Home Gay Editorials REVIEW: “Times & Galaxy” is Queer Journalism… in Space!

REVIEW: “Times & Galaxy” is Queer Journalism… in Space!

by Edwin Chris
The logo of Times & Galaxy

Copychaser Games‘ “wholesome horror” debut visual novel Speed Dating For Ghosts did not release to fanfare in 2018. Nor did it bomb—it spread, slowly, amassing a word-of-mouth cult following for its witty, emotional, and hilarious writing style that examined, quite expertly, the weight of love in life and death. It now sits, between game storefronts Steam and itch.io, with over 1,000+ reviews, nearly all of which sing its haunting praise. Given how kind word-of-mouth praise was to the studio, it is perhaps no surprise that their followup game, Times and Galaxy, is about exactly what Copychaser Games knows best: capturing readers with the written word.

Times and Galaxy is a “journalism sim,” one that flaunts a much higher budget and level of interactivity than could have been possible without the success generated by Speed Dating For Ghosts. In it, you are a robot journalist intern, fresh off the assembly line and employed by the intergalactic newspaper Times and Galaxy. The paper has struggled to keep interns, partially because of the pressure of the job, but mostly because of the danger: your very first report finds you needing to travel to the scrapper-culture planet of Aug to report on crashed shuttle and you, as the first robot journalist ever, look like parts.

Once you're assembled, it's time to assemble a story!

Once you’re assembled, it’s time to assemble a story!

A Fresh Take on Narrative Sci-FI

A less clever game would make this the setup for a wanna-be “Blade Runner” action-adventure game that we’ve all seen one hundred thousand times before. Times and Galaxy instead gives us a shockingly real exploration on what journalism actually is: being on the ground, taking stock of eye witness accounts, rummaging through the scene, and then, assembling a story and praying that it reaches eyeballs.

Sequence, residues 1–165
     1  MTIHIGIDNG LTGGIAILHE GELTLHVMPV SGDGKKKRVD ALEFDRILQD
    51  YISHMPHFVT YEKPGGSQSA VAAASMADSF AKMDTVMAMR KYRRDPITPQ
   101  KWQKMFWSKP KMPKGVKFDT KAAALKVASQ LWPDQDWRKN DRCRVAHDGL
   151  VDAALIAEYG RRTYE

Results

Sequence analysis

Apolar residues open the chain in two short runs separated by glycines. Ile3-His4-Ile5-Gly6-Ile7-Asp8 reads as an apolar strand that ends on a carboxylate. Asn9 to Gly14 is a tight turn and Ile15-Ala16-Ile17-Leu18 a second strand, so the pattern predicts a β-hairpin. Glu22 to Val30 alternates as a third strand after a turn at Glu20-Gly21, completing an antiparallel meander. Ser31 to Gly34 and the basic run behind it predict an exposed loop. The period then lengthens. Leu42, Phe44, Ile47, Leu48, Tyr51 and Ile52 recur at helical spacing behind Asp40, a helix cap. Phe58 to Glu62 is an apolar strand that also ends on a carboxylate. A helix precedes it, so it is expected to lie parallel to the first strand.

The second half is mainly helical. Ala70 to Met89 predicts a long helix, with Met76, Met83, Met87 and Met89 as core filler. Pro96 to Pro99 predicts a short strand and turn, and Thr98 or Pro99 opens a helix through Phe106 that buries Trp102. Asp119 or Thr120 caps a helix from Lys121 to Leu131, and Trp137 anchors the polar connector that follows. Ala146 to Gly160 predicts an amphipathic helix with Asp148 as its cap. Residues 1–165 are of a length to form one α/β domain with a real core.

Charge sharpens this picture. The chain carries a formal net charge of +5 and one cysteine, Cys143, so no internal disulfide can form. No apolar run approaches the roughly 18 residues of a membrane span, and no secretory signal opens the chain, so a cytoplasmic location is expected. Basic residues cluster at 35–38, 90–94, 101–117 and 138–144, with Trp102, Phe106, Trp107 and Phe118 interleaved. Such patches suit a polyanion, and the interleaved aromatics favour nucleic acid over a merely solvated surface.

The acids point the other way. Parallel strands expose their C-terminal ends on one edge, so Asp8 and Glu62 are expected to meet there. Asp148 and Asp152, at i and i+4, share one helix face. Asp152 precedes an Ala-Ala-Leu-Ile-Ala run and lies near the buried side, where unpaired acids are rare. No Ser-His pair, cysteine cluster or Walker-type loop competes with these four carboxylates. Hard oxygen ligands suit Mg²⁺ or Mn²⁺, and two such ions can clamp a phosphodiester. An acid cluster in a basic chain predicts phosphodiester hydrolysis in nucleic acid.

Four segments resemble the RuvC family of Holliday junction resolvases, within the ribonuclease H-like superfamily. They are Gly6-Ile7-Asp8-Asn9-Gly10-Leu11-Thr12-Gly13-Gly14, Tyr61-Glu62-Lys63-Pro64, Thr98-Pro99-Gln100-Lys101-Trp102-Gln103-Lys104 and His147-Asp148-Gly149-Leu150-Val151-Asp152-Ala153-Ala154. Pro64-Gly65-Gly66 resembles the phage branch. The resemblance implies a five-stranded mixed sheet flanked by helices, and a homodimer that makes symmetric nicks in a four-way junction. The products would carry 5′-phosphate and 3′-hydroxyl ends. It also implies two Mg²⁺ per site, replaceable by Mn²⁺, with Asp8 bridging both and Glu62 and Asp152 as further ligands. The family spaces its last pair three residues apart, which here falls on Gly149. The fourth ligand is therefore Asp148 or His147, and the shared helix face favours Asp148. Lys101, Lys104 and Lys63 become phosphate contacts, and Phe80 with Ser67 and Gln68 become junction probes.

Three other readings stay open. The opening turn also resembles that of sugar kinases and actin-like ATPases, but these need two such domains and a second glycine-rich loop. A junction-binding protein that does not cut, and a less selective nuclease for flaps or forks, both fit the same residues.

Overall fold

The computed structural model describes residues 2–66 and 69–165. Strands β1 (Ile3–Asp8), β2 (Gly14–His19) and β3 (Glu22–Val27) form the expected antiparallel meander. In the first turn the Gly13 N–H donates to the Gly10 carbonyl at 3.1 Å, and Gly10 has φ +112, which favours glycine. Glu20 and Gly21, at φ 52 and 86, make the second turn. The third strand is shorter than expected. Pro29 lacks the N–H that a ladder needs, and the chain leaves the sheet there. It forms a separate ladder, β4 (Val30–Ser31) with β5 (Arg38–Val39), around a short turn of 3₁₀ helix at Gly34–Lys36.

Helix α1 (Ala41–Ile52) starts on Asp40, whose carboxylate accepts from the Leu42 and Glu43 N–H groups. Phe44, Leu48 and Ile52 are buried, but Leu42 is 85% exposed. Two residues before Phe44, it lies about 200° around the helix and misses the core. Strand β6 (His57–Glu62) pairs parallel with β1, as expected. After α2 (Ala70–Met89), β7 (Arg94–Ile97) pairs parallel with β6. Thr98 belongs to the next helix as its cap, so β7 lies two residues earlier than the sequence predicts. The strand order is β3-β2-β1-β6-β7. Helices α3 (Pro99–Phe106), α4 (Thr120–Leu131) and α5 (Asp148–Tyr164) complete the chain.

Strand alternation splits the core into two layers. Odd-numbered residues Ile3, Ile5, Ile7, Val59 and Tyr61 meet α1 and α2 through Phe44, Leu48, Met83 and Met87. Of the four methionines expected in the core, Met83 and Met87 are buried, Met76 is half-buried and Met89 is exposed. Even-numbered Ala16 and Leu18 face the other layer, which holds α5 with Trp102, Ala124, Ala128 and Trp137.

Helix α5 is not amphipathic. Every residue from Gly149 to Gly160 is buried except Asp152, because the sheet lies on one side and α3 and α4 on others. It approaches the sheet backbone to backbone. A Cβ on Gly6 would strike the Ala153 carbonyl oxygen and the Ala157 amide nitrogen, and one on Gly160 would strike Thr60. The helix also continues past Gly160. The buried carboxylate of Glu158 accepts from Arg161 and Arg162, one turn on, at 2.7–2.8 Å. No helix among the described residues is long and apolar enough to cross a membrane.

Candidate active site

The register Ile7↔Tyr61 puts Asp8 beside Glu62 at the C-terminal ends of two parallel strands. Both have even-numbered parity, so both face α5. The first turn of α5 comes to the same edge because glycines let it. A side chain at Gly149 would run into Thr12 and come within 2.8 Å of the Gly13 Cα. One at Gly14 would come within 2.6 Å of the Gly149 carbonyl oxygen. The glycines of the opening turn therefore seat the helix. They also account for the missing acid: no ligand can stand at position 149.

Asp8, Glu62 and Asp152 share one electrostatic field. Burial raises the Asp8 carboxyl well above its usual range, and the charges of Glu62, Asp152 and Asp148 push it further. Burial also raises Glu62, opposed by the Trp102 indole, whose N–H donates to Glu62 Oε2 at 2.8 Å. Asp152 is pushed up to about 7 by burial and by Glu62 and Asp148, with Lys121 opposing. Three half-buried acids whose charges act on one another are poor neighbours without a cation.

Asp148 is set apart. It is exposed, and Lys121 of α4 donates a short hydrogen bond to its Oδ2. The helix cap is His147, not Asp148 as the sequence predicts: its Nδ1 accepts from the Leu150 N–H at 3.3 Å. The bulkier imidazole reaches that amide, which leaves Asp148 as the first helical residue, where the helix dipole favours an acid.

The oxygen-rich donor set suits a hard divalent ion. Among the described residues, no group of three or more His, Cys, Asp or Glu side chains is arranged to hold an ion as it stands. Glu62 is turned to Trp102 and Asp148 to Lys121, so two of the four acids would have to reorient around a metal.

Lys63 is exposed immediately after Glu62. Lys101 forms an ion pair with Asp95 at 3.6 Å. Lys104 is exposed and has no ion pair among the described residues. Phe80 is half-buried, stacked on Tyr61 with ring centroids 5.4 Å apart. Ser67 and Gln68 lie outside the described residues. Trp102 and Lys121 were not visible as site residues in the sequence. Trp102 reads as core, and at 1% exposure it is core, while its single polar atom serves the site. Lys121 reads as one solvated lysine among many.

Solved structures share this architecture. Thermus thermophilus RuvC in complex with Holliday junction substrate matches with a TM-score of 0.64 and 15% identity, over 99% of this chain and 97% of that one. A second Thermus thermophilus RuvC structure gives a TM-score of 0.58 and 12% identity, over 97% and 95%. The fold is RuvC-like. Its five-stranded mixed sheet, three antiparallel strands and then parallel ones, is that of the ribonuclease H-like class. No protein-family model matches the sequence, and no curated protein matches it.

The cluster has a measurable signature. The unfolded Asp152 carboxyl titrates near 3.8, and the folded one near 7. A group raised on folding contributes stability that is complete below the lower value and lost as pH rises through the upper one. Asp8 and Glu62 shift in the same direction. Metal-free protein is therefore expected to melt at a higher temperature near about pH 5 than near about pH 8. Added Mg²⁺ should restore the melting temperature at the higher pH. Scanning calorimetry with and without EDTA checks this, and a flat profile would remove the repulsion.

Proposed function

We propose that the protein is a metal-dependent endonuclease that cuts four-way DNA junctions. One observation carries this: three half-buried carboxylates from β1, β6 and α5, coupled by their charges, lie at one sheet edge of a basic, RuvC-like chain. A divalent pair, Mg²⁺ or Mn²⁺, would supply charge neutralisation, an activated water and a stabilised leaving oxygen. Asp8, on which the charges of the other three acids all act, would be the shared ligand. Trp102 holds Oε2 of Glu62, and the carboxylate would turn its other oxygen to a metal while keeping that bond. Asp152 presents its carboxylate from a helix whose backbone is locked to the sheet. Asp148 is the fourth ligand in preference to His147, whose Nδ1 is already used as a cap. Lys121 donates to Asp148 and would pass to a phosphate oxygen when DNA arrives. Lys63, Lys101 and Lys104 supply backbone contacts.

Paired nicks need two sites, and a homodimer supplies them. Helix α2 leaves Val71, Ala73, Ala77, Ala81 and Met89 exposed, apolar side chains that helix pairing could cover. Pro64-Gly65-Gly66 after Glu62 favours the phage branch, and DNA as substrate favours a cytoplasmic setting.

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Everything you do on location unlocks new “parts” of a story—Header, Lede, Key Quote, etc.—that you can then assemble however you choose. You gather these by interacting with different people on location, but how you choose to approach this might lock you out of other events taking place: missed opportunities, steering the conversation a wrong way, etc. It’s a clever way to add replay-ability to the game, as no two scenarios will ever play out quite the same way.

Times and Galaxy's Build-A-Story screen allows you to assemble your article after you've investigated a story.

Times and Galaxy’s “Build-A-Story” screen allows you to assemble your article after you’ve investigated a story.

How you tell your story will not just impact whether or not your audience likes it, but the direction of the paper, and its reputation, as a whole. Want to run a popular but sleazy tabloid rife with speculation and light on facts? You can! And doing so will also impact the other big part of the game: the relationship with your co-workers.

A Newsroom Built With Heart

The big narrative thread of Times and Galaxy is not any singular story, but rather, its how your coworkers take to the work that you do. Some will love that your work is serious and dry, others will think it’s better that you tell colorful fluff pieces. Times and Galaxy is more Mary Tyler Moore than Blade Runner in this regard, and its a breath of fresh air in a sci-fi gaming genre mostly known for body and bullet count.

As expected from something we might cover here, it’s also very queer friendly. Your robot self can take on any pronoun, and flirt with anything that might flirt back. That may not always be appropriate in the work place, of course, but that’s also part of the human drama that is at the core of Times and Galaxy. No matter if its alien, human, or droid, Times and Galaxy has a beating heart at its core.


  • Clever, fresh, and daring writing one comes to expect from Copychaser Games
  • A cast of wildly diverse characters that react to the stories you create
  • A great, highly re-playable game-play loop
  • A unique genre blend that is not quite visual novel, not quite point and click, but the best qualities of both
  • Beautiful, cartoony 2.5d that perfectly captures the pulpy sci-fi aesthetic
  •  Compelling, well paced “episodes” keeps play sessions just long enough to be fulfilling
  • Some of the most horrifying sports coverage I’ve heard since Sudden Death


  • On launch, a slightly buggy save UI during the first couple of chapters (That seemed to right itself over time?)

OVERALL: 90/100

Source: Copychaser Games, itch.io, Steam

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